Ahead of him are only 77 miles to the finish line in Nome and his fourth consecutive Iditarod championship, a new race record.

Mackey arrived at the Elim checkpoint about two hours ahead of the second-place team of Jeff King, reports the Anchorage Daily News. Instead of stopping, Mackey flew through the checkpoint, stopping only long enough to feed his dog team and grab a cup of coffee.

King has since fallen to third, deciding to rest his team in Elim. Hans Gatt paused for just 16 minutes in town before chasing after Mackey.

King, a four-time Iditarod winner, said he didn't expect to catch up unless Mackey made a mistake.

"We'll see if he steps on his cape or somebody else finds a rocket launcher and takes him down," King said.

At this point, it looks as if this is Mackey's race, and the only thing that might keep him from winning is his team quitting on him, which is unlikely.

"We've been asking a lot of them here," Mackey said after arriving in White Mountain. "As you can tell, we still haven't bottomed out," he said, pointing out that his dogs were eating and had their heads up. "As long as they're doing that, we're moving."

-- Kelly Burgess

Photo: Lance Mackey leaves the Elim checkpoint after a brief stop on Monday. Credit: Bob Hallinen / Anchorage Daily News/Associated Press

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Defending champion Lance Mackey leads Iditarod Trail Sled Dog Race

Lance Mackey leaves the Unalakleet checkpoint in first place on Sunday during the 2010 Iditarod Sled Dog Race

The Iditarod Trail Sled Dog Race is really heating up, with two race veterans currently in first and second place with less than 170 miles to Nome, each hoping to win the "last great race on Earth" and each looking to set race records.

Defending and three-time champion Lance Mackey is in the lead, though four-time champion Jeff King is hot on his trail, reports the Anchorage Daily News.

Both mushers have made it past the Shaktoolik-to-Koyuk leg, which runs mostly across the sea ice on the Northern Sound, and are on route to Elim, Golovin, and then White Mountain, where an eight-hour layover is mandatory to allow dog teams to rest before the final rush to Nome, approximately 75 miles away (with one more checkpoint along the way).

As of Monday morning, Mackey had extended his lead to 74 minutes over King. Should Mackey hold on, he will win his fourth consecutive Iditarod, setting a new record for consecutive victories.

King, who has stated that this will be his last year competing, is looking to win his fifth race and join musher Rick Swenson as the only musher in the history of the Iditarod to win five races.

Continue reading »

Four-time champion Jeff King leads Iditarod Trail Sled Dog Race

Jeff King checks his watch as he leaves a checkpoint during the Iditarod Trail Sled Dog Race.

Four-time Iditarod champion Jeff King was the first musher to make it to the checkpoint in Ruby, Alaska, the 14th of 25 checkpoints in this year's Iditarod Trail Sled Dog Race.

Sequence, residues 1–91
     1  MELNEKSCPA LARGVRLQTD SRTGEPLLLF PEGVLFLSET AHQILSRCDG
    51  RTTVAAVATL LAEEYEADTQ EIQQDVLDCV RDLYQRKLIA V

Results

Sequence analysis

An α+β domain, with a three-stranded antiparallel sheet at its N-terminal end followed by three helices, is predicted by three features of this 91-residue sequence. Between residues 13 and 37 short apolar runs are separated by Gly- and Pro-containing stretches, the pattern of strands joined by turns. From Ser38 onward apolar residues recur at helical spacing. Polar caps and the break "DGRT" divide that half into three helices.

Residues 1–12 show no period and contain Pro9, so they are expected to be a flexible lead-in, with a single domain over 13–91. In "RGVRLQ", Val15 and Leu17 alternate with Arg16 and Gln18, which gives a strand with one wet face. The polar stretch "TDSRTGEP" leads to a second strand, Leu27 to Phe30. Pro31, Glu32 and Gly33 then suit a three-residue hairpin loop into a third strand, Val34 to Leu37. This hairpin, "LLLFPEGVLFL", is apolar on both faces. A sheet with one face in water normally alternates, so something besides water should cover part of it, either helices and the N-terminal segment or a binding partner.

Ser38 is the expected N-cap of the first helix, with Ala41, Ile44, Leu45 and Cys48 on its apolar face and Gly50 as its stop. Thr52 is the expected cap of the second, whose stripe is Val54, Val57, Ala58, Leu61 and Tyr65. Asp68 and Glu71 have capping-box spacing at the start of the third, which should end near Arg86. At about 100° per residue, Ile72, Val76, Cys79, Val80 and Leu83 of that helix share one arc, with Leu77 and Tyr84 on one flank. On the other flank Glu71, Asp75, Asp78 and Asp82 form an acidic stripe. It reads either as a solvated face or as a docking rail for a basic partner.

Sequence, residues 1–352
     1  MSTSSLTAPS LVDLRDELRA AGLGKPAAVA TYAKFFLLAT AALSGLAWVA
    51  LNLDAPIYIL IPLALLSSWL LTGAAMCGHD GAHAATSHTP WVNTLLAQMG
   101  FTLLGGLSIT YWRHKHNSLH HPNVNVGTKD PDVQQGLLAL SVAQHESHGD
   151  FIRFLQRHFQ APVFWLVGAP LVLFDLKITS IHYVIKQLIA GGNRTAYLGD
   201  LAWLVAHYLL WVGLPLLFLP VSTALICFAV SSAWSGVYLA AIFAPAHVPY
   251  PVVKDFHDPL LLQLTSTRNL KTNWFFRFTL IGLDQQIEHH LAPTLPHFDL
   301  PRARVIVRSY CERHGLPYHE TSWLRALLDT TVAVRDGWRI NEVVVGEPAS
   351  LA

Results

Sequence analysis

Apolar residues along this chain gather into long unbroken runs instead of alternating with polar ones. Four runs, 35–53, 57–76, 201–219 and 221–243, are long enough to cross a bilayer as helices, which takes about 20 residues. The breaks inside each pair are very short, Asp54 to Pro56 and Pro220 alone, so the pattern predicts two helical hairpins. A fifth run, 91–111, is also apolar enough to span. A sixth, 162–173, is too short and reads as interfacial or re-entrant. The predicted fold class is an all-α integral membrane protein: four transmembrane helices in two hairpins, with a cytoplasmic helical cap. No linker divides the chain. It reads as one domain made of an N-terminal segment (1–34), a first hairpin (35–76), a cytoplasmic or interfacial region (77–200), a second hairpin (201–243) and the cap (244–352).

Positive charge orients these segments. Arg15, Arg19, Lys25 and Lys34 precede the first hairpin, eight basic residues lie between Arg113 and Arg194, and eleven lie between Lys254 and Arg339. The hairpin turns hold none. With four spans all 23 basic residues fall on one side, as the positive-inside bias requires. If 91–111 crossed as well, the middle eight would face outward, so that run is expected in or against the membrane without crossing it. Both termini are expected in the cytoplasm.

King, who has made it known that this will be his last year competing, arrived at 3:08 a.m. Friday with 15 dogs on his team.

As the recipient of the "First Musher to the Yukon Award," King was treated to an eight-course meal prepared on camp stoves by the Millennium Hotel Anchorage Food and Beverage manager, Jared Leake.

This year’s menu included Alaskan king crab, bison stew, and grilled halibut in citrus sauce, plus a lemon sorbet and a blackberry jubilee. He also won $3,500 in $1 bills.

Thus far, 11 other teams have reached Ruby, according to the Live Leader Board posted on the Anchorage Daily News website, including defending and three-time champion Lance Mackey as well as last year's second-place finisher, Sebastian Schnuelle, of Whitehorse, Canada.

Continue reading »

Iditarod Trail Sled Dog Race teams reach halfway checkpoint

Musher Jessie Royer and her team arrives in Nikolai, Alaska, on Tuesday during the Iditarod Trail Sled Dog Race.

Seven mushers and their teams have reached the halfway point of the Iditarod Trail Sled Dog Race, reaching the checkpoint in Cripple, Alaska, on Thursday.

Musher Dallas Seavey was the first to arrive at the checkpoint early this morning, netting the GCI Dorothy Page Halfway Award and $3,000 in gold nuggets for being first to reach the "Official halfway point" on the Northern Route.

The 22-year-old musher still holds first place while his father, Mitch Seavey, winner of the 2004 Iditarod and also competing this year, is currently listed in ninth place.

The leg from Cripple to the next checkpoint in Ruby is approximately 112 miles, and is the longest distance between two checkpoints in the 1,112-mile race.

Defending and three-time champion Lance Mackey is currently listed in 11th place on the Live Leader Board posted on the Anchorage Daily News website.

Continue reading »

Iditarod Trail Sled Dog Race update

Iditarod rookie Pat Moon hugs his favorite dog, Hera, as Lumber, left, places a paw on him as they await the start of the Iditarod Trail Sled Dog Race.